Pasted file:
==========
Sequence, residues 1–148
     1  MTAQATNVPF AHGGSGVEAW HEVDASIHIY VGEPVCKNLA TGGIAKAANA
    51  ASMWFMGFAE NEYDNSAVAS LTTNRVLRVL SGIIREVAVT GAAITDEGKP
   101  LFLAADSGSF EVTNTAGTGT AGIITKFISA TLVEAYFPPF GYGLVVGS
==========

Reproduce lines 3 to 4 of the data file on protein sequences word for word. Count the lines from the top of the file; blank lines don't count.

    51  ASMWFMGFAE NEYDNSAVAS LTTNRVLRVL SGIIREVAVT GAAITDEGKP
   101  LFLAADSGSF EVTNTAGTGT AGIITKFISA TLVEAYFPPF GYGLVVGS